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I've removed the old gas from my I/O and want to put fresh in it this weekend. The first time I took it out after sitting all winter it would die when I first throttled up on it until it got blown out. Question is: Would I be better off running a tank full of premium gas through it or would regular be just as good? With the ethanol, I'm concerned that the premium may have sat in the tank at the station quite a bit longer than the regular.
 

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I would burn nothing but regular. (Just my opinion) An outboard or inboard runs at 90 to 100% of it's rated horsepower most of the time and with the higher octane it MIGHT tend to burn valves and in the case of 2 cycle outboards (No valves) the pistons. If you don't use the boat that often try a fuel conditioner.
 

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Actually higher octane means less heat buildup... But I would burn a brand name midgrade a few times if you want the additives... It has been proven that mileage doesn't go up enuff for that to be a reason to buy premium...

If anyone wants proof that High octane is fine in high performance conditions.... just look at what is run in race cars... They wouldn't last one race on 87 octane... Thus they run 100-110 for most race vehicles, cars, cycles, boats, snowmobiles etc...
Brent
 

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If it doesn't burn hotter then why do you get ANY better millage? Tell me just how many hours does a race car last before they need overhaul? I haven't heard of many race cars going for 2 or 300,000 miles. I'll stick to regular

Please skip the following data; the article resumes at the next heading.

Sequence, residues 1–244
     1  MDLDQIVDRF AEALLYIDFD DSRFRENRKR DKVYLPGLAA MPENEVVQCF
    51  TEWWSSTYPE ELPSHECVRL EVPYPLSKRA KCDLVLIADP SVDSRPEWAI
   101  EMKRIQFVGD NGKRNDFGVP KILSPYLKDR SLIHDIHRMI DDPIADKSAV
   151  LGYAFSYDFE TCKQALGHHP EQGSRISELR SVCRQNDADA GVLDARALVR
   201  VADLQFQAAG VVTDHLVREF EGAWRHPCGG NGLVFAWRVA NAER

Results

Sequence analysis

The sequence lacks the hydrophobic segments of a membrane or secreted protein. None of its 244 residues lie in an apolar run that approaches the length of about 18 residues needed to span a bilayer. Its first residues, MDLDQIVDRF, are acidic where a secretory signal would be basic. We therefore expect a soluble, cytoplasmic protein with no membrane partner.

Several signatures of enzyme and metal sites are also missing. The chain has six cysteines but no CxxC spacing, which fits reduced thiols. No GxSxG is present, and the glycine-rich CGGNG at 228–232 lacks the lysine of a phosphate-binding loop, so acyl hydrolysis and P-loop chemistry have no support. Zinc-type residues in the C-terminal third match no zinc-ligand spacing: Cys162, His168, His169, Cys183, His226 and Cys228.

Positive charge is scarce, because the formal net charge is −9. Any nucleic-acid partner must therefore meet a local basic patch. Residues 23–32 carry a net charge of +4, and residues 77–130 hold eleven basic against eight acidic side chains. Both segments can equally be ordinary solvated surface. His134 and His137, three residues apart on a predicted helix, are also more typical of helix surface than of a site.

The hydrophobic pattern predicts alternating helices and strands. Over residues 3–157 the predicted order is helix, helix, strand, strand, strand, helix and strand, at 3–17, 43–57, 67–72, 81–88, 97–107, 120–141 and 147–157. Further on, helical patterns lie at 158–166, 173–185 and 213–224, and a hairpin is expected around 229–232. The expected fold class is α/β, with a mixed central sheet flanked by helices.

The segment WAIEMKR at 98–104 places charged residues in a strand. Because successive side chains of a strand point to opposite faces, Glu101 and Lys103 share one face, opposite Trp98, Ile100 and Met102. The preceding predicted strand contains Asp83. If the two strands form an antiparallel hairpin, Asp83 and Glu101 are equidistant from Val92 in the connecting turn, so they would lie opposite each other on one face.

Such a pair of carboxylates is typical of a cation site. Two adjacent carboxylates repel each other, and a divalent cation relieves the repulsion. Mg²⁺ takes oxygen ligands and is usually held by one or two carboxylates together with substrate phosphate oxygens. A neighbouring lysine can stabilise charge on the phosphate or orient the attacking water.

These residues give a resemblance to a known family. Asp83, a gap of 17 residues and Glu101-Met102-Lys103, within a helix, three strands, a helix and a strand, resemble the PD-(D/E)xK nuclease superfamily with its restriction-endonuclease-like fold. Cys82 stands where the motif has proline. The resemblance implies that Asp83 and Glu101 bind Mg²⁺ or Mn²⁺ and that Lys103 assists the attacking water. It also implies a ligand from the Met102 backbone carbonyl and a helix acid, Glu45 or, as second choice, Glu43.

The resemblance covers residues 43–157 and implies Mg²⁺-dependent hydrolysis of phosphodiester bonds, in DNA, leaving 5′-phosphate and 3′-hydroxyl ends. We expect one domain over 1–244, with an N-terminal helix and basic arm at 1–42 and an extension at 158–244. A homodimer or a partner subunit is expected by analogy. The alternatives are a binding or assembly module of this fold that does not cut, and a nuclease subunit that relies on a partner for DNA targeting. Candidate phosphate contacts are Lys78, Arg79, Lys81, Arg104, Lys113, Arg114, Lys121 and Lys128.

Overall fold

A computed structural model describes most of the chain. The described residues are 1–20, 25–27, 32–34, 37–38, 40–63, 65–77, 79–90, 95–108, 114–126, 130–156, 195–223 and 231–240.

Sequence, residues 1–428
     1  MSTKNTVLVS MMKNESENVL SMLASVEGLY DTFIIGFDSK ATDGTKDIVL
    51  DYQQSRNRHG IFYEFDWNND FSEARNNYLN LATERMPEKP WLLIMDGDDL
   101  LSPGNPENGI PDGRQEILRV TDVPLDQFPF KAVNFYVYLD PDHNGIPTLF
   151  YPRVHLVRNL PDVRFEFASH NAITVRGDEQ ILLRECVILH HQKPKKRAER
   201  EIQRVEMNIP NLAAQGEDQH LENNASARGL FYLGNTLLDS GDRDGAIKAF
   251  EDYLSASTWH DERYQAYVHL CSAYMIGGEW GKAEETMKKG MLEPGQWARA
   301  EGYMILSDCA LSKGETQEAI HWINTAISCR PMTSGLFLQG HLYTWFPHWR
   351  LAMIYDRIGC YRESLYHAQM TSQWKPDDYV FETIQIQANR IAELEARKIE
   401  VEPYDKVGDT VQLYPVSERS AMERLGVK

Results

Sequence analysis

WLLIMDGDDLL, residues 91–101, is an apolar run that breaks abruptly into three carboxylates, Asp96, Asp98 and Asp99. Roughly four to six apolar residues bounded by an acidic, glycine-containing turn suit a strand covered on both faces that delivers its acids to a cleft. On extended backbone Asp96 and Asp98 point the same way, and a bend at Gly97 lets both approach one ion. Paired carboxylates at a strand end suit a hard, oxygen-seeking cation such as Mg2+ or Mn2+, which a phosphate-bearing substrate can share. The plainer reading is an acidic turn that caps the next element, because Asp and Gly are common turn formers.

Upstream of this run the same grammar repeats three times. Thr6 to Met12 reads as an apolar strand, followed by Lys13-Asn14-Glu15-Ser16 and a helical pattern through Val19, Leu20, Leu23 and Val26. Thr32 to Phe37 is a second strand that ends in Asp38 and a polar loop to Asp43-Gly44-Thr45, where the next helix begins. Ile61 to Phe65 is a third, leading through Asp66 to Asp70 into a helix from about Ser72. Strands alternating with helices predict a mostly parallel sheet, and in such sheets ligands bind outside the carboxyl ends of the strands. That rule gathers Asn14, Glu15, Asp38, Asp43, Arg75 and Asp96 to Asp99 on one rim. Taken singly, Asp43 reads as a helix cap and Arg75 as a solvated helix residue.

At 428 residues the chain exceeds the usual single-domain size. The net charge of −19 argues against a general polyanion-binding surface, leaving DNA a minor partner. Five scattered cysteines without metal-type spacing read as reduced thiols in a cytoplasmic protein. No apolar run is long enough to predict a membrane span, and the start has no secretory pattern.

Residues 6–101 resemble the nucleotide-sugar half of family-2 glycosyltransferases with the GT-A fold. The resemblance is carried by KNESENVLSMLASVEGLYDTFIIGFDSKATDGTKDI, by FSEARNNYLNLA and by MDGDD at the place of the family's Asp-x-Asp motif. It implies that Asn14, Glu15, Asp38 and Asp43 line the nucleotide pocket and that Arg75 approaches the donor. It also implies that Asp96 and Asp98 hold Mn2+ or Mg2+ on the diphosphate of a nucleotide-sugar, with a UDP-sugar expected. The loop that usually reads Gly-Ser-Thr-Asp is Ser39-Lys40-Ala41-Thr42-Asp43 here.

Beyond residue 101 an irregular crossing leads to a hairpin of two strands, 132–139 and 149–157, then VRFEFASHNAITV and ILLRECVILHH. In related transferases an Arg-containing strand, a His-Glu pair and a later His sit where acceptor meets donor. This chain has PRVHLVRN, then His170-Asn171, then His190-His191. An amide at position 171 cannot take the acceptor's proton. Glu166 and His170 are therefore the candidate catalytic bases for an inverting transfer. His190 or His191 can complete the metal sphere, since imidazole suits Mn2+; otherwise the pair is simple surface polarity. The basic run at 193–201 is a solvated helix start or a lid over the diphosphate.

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There is <span style="text-decoration: underline;">little difference in energy content of regular versus premium gasoline. They both contain about 111,400 British Thermal Units of energy per gallon.

<span style="text-decoration: underline;">Octane is defined as a fuel's resistance to knocking. There is no benefit if the octane is higher than what the engine needs. <span style="text-decoration: underline;">Engine knock occurs when fuel in a combustion chamber ignites before it should. This disrupts the engine's operation. But electronic knock sensors are now common and have nearly eliminated engine disruption.

The <span style="text-decoration: underline;">American Petroleum Institute says if you find that your car runs fine on a lower grade, there is no sense switching to premium. The <span style="text-decoration: underline;">Institute recommends following manufacturer's recommendation, but even those manufacturers say that it is more of a suggestion than a command.

From the website of: <a href="http://www.consumerenergycenter.org/transportation/consumer_tips/regular_vs_premium.html">http://www.consumerenergycenter.org/transportation/consumer_tips/regular_vs_premium.html</a>
 

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do not compare what you know about octane ratings and how is relates to autos to marine engines guys......

being a mechanic (auto) and applying that mentality to a boat can be costly! do not use higher than the mfg recommended octane on a marine engine. ask me how I know.........I used that thought process, ONCE.......replaced the plugs (electrodes melted off) and pulled the head to replace the burnt valves.........sealarks advice was right on the money.
 
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